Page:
Watching ordinary people making love, with occasional fumbles and aches, rather than idealized screen gods and goddesses in the throes of heaving, orchestra-backed passion, compels us to reflect on our personal knowledge of the connection between desire and affection.
I never expected in this lifetime to have a favorable word to say about Michael Douglas, whose pudding face and whining voice have made him the unlikeliest of leading men. But he nails [Wonder Boys’] Grady from the very first frame. With a shock of gray hair tumbling onto his lined, sweaty forehead, glasses myopically perched on the tip of his nose, and a perpetual five o’ clock shadow, he’s a study in desperate dissipation—Phil Donahue on a long bender. With this performance, Douglas rightfully lays claim to the Best Actor Oscar that he didn’t deserve for Wall Street.
Experiencing The Horse Whisperer is like being zapped with a stun gun and forced to watch a 168-minute Sierra Club slide show.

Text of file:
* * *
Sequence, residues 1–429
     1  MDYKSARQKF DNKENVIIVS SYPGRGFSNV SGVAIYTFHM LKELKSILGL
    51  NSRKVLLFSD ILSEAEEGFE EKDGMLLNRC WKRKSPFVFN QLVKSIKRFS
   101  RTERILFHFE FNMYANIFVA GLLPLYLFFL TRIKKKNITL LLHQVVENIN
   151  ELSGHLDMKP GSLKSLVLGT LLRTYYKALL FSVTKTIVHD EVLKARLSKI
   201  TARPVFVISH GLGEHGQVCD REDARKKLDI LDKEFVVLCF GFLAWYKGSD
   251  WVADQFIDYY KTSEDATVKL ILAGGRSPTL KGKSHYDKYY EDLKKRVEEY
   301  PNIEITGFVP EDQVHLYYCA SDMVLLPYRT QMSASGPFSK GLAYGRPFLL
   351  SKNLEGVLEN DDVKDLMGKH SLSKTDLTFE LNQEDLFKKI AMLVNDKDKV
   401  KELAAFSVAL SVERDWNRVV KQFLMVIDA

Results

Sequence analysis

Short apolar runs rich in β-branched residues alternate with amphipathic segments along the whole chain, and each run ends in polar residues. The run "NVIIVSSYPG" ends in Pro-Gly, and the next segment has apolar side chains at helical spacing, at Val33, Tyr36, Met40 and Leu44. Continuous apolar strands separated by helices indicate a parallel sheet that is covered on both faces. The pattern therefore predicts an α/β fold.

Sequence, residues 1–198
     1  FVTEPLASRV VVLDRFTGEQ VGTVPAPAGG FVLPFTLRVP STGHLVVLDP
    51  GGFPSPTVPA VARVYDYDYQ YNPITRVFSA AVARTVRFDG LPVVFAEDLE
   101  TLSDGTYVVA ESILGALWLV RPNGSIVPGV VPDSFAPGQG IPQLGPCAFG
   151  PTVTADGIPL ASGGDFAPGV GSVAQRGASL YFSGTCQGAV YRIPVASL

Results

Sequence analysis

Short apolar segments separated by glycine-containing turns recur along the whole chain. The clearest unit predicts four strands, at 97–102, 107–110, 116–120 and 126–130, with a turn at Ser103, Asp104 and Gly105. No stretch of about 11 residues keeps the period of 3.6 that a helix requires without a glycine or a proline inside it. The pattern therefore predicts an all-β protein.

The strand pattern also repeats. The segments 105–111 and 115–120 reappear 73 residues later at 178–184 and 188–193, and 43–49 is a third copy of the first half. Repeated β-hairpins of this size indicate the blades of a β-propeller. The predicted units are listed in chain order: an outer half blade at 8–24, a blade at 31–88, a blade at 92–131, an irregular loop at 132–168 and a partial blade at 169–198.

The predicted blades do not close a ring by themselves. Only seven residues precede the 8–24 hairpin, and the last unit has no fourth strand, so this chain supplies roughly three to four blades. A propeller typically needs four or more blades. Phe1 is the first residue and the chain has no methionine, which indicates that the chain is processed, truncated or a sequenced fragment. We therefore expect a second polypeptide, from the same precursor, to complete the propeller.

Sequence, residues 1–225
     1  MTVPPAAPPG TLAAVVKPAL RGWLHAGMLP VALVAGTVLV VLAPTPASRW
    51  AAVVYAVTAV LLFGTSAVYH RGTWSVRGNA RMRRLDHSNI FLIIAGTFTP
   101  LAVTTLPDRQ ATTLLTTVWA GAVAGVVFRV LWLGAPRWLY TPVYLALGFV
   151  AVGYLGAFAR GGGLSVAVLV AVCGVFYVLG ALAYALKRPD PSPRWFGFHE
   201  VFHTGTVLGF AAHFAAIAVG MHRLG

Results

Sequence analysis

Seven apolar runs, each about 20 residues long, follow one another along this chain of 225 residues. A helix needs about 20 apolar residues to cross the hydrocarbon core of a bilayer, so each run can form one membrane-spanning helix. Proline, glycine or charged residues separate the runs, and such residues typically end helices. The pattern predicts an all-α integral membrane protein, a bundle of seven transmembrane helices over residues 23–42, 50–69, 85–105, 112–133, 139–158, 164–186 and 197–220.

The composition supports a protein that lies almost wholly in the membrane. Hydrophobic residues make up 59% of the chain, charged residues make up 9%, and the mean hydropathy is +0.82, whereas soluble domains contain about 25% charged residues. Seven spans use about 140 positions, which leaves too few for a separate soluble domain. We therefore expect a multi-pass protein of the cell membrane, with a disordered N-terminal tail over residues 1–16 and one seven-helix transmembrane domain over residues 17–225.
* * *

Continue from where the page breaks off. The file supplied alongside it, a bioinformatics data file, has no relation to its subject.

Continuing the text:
As much as I admire it, I know in
my bones that The Legend of 1900 is doomed, destined to be roasted by reviewers who, oblivious to cinematic beauty, regard film as an extension of novels, plays, and other verbal media….I also suspect that, like Cinema Paradiso, it will ultimately be restored to its original running time in video format. But television screens, even the largest ones, cannot project the lavish detail of this extravagant production. Like other obsessive movies, this one can be fully experienced only in the medium for which it was created.
One of time’s cruelest jests is its tendency to transform us into what we once despised.
I am delighted to report that Pleasantville, Gary Ross’ directorial debut, achieves everything that The Truman Show’s claque promised, and more. Intelligent, funny, innovative, and touching, it’s that rarest of all things, a substantial work of art that anybody can enjoy.
In the early ’90s, an American Film Institute publicist invited me to a Willard Hotel press luncheon launching the European Union Film Festival. When I learned that the host was Charlton Heston, I muttered some lame excuse about a conflicting dental appointment—but quickly changed my mind when I discovered that the event also included poached salmon and Catherine Deneuve.